Opinion DC Comment 22 Aug 2020 DC Edit | Democrats& ...

DC Edit | Democrats’ message is clear: Get Trump out

DECCAN CHRONICLE.
Published Aug 22, 2020, 6:01 pm IST
Updated Aug 22, 2020, 6:01 pm IST
Global interest in the coming US elections seems extraordinary already
Donald Trump (AFP)
 Donald Trump (AFP)

The hoopla may have been missing as the four-day Democratic Party convention had to go virtual in the time of the pandemic but the message rang loud and clear.

In just over two months, when the fate of the battle for the White House will be sealed on November 3, it will be most of America versus the Republican President Donald Trump and his running mate who could be his Vice-President Mike Pence.

 

More than seeking votes, the Democratic presidential nominee, Joe Biden, made it a mission to capture the heart and soul of the USA.

In a pitch perfect speech launching his bid for the most coveted place in the Oval Office, the seasoned politician and former vice-president to Barack Obama aspired to be the white knight on a charger looking to take back America at a difficult time in its history.

A country overrun by three crises all at one time the worst pandemic in a century, the harshest economic crisis since the Great Depression and the most compelling need in its society for racial justice since the emancipation seems ready enough for plucking at what is seen as an inflection point in contemporary history.

 

Mr Biden’s appeal for an “American moment” rather than a “partisan moment” could not have been better timed as the Black Lives Matter movement has galvanised USA into examining its racial attitudes and its systemic prejudices against sections of the population that are Black, non-White Hispanic or of Asian descent.

Sharing his Democratic ticket in a changing nation that has become even more of a melting pot of races, cultures and aspirations is the first semi-Black and semi-Indian American senator, Kamala Harris who seems poised to enhance Mr Biden's candidature with her appeal to that section of Americans identified as racial or ethnic minorities.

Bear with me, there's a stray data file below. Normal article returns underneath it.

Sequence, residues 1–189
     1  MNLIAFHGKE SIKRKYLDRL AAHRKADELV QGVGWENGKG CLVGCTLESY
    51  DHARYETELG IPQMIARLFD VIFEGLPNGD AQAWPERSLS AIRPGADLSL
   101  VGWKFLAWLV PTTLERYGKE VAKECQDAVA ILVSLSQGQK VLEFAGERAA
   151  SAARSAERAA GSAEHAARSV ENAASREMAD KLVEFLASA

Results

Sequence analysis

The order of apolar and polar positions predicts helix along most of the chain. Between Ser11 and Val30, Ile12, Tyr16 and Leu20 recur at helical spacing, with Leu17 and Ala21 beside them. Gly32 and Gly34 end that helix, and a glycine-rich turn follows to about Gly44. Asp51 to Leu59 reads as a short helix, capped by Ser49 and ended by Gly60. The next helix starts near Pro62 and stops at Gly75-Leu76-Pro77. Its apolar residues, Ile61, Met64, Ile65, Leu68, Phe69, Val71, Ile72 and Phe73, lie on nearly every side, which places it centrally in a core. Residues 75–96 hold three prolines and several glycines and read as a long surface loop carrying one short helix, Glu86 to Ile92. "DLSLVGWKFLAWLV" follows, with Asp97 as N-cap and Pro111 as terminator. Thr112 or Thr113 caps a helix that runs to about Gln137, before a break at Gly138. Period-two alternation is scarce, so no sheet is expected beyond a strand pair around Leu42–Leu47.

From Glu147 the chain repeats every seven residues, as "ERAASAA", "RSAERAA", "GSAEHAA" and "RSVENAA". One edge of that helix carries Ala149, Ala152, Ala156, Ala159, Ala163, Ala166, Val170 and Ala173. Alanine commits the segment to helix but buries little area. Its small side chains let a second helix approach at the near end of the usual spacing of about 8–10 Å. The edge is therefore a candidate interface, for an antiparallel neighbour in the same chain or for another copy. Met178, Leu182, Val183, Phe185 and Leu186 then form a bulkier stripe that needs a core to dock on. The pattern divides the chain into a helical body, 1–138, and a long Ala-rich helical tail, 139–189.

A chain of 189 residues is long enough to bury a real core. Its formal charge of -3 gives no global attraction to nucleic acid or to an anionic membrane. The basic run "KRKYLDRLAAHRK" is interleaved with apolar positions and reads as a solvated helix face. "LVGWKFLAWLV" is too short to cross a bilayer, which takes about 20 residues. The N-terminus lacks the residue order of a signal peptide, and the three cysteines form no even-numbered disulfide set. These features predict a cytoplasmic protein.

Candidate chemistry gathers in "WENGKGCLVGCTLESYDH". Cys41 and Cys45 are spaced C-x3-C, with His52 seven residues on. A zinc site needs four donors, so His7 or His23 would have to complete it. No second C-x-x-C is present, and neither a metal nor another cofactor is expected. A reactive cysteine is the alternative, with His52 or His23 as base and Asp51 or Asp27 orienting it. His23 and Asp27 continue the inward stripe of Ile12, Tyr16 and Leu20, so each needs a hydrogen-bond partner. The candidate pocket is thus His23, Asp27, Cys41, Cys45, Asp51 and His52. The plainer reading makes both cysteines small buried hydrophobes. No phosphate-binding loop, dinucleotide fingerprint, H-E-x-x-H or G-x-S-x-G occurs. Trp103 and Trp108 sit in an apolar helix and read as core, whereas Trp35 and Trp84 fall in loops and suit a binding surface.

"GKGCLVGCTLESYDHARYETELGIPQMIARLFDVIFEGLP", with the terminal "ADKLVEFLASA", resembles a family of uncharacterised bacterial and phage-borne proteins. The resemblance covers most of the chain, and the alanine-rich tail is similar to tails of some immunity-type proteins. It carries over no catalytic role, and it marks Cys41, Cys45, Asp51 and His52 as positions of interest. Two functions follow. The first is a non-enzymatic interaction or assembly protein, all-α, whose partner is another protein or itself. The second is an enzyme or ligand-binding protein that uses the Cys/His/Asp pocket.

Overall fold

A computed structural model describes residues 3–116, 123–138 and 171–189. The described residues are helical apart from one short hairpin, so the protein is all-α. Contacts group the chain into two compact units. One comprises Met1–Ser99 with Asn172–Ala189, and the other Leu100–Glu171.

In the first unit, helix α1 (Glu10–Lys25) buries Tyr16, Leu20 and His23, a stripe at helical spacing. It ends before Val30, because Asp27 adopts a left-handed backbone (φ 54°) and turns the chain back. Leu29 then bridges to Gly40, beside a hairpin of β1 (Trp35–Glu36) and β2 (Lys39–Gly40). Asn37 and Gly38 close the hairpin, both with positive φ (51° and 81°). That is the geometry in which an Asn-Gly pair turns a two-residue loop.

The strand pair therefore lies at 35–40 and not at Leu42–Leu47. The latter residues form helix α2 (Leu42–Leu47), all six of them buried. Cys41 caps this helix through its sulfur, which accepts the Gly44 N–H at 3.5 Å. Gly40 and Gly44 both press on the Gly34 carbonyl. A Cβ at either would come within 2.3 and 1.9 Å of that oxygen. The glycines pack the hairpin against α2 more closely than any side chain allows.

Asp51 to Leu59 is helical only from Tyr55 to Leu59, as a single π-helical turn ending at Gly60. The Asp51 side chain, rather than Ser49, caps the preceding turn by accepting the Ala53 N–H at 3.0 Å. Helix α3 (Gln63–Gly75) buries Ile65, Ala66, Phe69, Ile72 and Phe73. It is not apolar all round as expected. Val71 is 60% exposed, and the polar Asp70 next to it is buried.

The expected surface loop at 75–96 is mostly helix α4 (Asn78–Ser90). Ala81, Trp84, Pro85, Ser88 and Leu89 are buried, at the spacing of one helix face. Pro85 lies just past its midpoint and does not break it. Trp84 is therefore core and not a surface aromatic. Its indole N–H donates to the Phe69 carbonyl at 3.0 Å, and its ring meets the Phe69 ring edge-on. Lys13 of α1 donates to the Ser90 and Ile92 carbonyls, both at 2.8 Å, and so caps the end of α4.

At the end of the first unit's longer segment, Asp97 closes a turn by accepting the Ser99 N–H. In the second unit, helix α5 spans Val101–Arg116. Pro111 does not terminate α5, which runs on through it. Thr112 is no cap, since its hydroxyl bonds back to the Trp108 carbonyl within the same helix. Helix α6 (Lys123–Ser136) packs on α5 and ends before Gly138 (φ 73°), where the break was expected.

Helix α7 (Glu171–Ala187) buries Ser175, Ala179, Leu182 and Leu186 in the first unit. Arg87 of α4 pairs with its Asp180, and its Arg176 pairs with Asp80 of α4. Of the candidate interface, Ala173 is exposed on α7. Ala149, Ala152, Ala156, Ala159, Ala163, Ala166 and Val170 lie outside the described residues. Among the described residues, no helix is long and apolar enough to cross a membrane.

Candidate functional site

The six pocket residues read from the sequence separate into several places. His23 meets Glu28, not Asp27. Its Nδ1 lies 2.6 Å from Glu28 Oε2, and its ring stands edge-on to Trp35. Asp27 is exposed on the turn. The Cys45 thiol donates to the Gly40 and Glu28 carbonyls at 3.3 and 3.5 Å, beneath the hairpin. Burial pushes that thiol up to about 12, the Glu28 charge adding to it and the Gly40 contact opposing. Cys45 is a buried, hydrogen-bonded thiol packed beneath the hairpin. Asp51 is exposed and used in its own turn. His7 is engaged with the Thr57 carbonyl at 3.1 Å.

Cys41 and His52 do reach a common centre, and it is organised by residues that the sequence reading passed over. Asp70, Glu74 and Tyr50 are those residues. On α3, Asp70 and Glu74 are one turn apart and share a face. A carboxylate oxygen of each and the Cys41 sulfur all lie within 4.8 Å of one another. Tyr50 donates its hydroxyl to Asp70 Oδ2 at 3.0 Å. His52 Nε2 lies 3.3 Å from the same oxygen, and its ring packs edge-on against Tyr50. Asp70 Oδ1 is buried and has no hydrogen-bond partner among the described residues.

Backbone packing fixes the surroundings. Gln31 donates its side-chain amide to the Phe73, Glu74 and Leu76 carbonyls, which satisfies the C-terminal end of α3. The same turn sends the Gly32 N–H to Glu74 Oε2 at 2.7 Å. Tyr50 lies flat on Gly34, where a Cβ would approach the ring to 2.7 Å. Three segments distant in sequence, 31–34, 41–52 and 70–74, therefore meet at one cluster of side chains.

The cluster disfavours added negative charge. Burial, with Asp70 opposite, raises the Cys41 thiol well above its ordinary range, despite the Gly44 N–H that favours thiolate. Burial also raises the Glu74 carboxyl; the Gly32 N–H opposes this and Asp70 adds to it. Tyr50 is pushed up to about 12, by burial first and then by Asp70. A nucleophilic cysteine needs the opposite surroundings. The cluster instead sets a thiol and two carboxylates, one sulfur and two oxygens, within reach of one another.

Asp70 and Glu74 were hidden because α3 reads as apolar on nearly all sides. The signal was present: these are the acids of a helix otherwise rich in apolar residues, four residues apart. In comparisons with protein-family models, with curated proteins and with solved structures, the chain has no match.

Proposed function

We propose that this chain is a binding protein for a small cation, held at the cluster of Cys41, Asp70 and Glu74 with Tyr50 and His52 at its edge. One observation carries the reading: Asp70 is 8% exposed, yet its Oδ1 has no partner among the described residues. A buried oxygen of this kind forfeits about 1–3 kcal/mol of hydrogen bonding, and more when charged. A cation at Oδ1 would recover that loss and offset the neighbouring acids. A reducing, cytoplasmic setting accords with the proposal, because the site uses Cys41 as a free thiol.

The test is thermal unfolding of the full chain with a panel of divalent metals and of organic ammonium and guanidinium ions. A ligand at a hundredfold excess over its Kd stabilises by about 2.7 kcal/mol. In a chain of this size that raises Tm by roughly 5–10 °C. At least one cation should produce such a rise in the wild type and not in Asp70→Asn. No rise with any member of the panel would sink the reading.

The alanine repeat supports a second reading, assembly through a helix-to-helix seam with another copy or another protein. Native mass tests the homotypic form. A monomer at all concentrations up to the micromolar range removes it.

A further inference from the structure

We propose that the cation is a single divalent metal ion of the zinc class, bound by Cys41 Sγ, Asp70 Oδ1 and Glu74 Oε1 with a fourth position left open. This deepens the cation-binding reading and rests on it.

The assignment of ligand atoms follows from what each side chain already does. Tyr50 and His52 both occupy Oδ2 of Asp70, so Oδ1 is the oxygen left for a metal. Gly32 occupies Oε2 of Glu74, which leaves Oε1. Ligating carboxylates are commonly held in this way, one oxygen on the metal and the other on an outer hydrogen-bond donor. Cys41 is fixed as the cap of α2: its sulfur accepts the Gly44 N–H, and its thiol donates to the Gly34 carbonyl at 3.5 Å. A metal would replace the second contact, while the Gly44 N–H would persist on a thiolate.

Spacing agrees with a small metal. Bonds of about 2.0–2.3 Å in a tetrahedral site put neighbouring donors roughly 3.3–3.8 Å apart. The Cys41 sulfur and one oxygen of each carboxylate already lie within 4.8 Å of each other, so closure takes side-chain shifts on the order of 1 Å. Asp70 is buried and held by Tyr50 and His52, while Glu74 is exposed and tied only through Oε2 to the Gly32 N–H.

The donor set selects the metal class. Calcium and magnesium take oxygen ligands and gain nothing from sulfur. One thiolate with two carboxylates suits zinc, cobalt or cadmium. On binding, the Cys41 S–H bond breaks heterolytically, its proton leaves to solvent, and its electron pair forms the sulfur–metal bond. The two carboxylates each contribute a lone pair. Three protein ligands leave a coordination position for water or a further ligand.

And, with an endearing reference to her aunts as “chithis”, she may have won over not only 2,40,000 Tamil Americans but also a majority of the 1.8 million Indian Americans with a vote that may count more than ever.  

The die is cast but the war is just beginning against a candidate who showed that he would be using every trick in the book, including slowing down the postal service to cast doubts on mail-in voting that Blacks may intend to use more because of their fear of going to the ballot booth.

Mr Trump’s support for QAnon, an ultra-Right group that believes in far-fetched conspiracy theories like all Democrats are Satanic and into sex trafficking of children, is just the tip of the iceberg as he falls back on his White Conservative vote bank for another term. As Kamala Harris said so pertinently — “There is no vaccine for racism.”

 

Global interest in the coming US elections seems extraordinary already and not only in India because of the presence of a person on the ticket with roots in Chennai.

The election may redefine the very fount of modern democracy where deep-rooted covenants with freedom seem to be in peril from the machinations of an authoritarian President.

If Mr Obama was withering in putting down a succeeding President, it only showed the extent of the dubious contributions to a nation in crisis of the most divisive leader who is now fanning the flames of racial hostility as an election strategy.

 

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